President TrumpDonald TrumpWendy Sherman takes leading role as Biden's 'hard-nosed' Russia negotiator Senate needs to confirm Deborah Lipstadt as antisemitism envoy — Now Former acting Defense secretary under Trump met with Jan. 6 committee: report MORE is reportedly considering Health and Human Services (HHS) Secretary Alex Azar and Deputy Secretary of State John Sullivan, among others, to replace Attorney General Jeff SessionsJefferson (Jeff) Beauregard SessionsPress: For Trump endorsement: The more sordid, the better Those predicting Facebook's demise are blowing smoke If bitcoin is 'digital gold,' it should be taxed like gold MORE.
The Wall Street Journal reported that Transportation Department general counsel Steven Bradbury, retired Judge Janice Rogers Brown and former Attorney General Bill Barr, who served under former President George W. Bush, are also being considered.
Some White House officials noted to the Journal that there are no plans currently in place to force Sessions out of his job. They added that while Trump has lashed out at Sessions with growing regularity, he has rarely discussed who might replace him.
The Journal reported that Sessions does not plan to to leave, but expects he may be asked to resign.
The news outlet's reporting comes a day after The Washington Post reported that Trump spoke with Sessions's chief of staff, Matthew Whittaker, about taking over the attorney general job.
The president and Sessions have developed an acrimonious relationship over the past year, particularly as it pertains to the investigation into Russian interference in the 2016 election.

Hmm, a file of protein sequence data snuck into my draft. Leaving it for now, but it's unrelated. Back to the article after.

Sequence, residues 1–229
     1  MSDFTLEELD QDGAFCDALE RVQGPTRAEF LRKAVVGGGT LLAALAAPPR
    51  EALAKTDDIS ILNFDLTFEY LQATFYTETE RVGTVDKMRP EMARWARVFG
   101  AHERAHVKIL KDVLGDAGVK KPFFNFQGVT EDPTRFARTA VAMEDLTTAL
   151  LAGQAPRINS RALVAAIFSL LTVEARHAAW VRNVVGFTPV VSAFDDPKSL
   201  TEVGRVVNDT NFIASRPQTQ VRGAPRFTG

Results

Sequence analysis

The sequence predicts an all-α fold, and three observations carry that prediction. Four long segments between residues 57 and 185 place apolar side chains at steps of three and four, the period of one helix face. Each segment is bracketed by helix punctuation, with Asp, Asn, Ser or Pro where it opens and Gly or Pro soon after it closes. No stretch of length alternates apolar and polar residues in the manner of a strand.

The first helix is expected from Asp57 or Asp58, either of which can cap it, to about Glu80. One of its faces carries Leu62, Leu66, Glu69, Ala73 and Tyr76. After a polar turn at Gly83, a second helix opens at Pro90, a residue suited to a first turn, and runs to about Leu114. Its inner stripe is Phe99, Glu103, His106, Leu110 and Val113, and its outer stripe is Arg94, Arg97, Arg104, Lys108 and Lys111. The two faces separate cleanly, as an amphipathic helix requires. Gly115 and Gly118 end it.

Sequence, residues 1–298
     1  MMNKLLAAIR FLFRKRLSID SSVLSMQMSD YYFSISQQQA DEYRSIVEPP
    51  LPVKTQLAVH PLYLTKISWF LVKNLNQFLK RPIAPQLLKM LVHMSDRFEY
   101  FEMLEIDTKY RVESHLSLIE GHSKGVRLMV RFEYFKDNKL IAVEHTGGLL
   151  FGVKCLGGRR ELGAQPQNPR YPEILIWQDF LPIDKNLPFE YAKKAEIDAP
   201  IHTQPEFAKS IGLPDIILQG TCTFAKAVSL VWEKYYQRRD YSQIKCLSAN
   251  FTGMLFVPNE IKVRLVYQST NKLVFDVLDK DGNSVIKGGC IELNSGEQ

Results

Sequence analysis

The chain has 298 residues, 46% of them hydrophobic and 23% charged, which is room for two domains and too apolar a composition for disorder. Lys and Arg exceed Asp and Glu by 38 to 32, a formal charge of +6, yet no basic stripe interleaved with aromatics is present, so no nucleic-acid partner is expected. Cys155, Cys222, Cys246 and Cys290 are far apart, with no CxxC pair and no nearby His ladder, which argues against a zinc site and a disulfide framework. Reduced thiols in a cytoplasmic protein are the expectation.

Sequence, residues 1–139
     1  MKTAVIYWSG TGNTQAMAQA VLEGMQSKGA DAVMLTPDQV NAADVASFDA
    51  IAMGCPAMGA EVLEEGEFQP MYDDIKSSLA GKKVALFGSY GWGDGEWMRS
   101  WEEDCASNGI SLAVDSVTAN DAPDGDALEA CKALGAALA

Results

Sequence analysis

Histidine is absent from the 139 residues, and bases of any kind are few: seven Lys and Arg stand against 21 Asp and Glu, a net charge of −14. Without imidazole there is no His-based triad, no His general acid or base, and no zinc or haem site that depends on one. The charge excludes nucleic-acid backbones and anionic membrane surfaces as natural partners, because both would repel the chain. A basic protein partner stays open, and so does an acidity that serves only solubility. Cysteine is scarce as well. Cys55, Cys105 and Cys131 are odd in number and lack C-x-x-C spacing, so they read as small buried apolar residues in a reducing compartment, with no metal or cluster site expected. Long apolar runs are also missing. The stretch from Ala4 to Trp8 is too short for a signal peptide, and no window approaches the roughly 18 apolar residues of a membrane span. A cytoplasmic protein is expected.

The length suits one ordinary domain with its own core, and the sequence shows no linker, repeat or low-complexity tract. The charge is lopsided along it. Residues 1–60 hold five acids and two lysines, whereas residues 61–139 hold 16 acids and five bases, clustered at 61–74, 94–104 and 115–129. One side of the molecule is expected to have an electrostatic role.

Trump has frequently chastised Sessions for recusing himself from overseeing the investigation, which is being conducted by special counsel Robert MuellerRobert (Bob) MuellerAn unquestioning press promotes Rep. Adam Schiff's book based on Russia fiction Senate Democrats urge Garland not to fight court order to release Trump obstruction memo Why a special counsel is guaranteed if Biden chooses Yates, Cuomo or Jones as AG MORE. In an interview last month with Hill.TV, Trump blasted Sessions, claiming he doesn't "have an attorney general."
Trump's recent escalation of his criticism has fueled speculation he may fire the attorney general, though he told Bloomberg in late August that his attorney general would stay on at least through the midterm elections.
Sessions, who was one of Trump's earliest supporters and previously served as an Alabama Senator, has largely refrained from publicly responding to the president's barbs.
In a rare statement in August, Sessions asserted that the Justice Department "will not be improperly influenced by political considerations" amid criticism from Trump that he was not looking closely enough at alleged Democratic misdeeds.